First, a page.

Indoor laundry drying 'poses a health risk'
Drying laundry in the home poses a health risk to those prone to asthma, hay fever and other allergies, according to new research.
A study carried out by the Mackintosh School of Architecture found that many homes had too much moisture indoors.
Up to a third of this moisture was attributed to drying laundry.
The researchers have called on housebuilders to build dedicated drying areas into new housing to address the health concerns.
A study of 100 homes by the Mackintosh Environmental Architecture Research Unit in Glasgow found 87% dried their washing indoors in colder weather.
Researcher Rosalie Menon said people were not aware how much moisture this added to the air.
She said: "Going into people's homes, we found they were drying washing in their living rooms, in their bedrooms.
"Some were literally decorating the house with it, but from just one load of washing two litres of water will be emitted."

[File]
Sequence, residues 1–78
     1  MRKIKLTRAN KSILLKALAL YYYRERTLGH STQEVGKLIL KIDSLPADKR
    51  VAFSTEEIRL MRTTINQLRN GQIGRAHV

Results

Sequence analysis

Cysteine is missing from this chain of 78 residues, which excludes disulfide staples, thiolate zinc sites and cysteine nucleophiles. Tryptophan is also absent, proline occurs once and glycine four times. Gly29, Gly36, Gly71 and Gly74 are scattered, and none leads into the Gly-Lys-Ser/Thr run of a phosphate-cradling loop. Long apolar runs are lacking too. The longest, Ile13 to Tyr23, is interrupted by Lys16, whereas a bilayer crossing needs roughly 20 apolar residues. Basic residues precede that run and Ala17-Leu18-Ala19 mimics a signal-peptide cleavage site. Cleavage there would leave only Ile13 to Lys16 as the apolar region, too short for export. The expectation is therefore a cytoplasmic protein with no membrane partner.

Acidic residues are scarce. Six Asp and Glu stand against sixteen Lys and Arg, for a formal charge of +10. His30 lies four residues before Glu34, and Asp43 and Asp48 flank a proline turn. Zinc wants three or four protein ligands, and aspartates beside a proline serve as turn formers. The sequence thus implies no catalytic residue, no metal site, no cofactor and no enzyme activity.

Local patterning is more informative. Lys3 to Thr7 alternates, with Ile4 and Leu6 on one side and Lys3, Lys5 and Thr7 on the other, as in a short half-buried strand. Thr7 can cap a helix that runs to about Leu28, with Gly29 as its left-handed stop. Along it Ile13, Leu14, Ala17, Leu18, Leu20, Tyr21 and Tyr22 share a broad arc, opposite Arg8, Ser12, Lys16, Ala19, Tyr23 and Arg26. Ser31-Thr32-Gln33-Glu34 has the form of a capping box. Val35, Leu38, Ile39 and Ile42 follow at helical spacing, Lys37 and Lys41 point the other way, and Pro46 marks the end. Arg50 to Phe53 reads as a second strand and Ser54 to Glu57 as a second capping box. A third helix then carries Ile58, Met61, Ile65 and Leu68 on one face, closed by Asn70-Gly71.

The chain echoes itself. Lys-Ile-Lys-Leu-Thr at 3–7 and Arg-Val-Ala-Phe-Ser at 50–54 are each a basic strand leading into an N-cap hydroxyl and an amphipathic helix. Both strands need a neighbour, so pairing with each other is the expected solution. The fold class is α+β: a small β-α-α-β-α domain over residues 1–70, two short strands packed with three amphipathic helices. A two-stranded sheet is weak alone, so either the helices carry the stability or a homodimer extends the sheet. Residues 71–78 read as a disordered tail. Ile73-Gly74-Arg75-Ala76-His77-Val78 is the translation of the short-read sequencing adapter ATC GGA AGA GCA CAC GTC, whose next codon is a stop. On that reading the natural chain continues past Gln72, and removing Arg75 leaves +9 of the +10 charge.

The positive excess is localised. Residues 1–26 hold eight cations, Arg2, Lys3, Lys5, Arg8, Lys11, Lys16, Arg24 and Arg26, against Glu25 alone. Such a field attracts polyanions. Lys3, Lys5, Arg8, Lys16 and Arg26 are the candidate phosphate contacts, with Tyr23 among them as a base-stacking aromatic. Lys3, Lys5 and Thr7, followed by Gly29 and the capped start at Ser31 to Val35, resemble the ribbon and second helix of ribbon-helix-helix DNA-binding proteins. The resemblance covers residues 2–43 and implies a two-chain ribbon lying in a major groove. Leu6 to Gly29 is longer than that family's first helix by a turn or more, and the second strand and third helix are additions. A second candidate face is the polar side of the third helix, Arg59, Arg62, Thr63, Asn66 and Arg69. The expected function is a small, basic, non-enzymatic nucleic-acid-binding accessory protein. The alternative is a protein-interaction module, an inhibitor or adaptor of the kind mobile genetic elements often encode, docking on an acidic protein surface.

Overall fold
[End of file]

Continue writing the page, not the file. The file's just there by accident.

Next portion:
A total of 75% of households, which were of mixed styles, had moisture levels which could lead to dust mite growth.
There was also a strong association between drying laundry and mould spores.
A particular mould spore known to cause lung infections in people with weakened immune systems was found in 25% of the homes sampled.
The research, funded by the Engineering and Physical Sciences Research Council, was the first to track the implications of drying laundry passively inside the home.
All of the types of housing surveyed had a lack of suitable spaces for drying clothes.
The researchers want to see dedicated drying areas incorporated into new housing.
Ms Menon said: "These spaces should be independently heated and ventilated. It's very much going back to the airing cupboards we saw in more historical types of housing."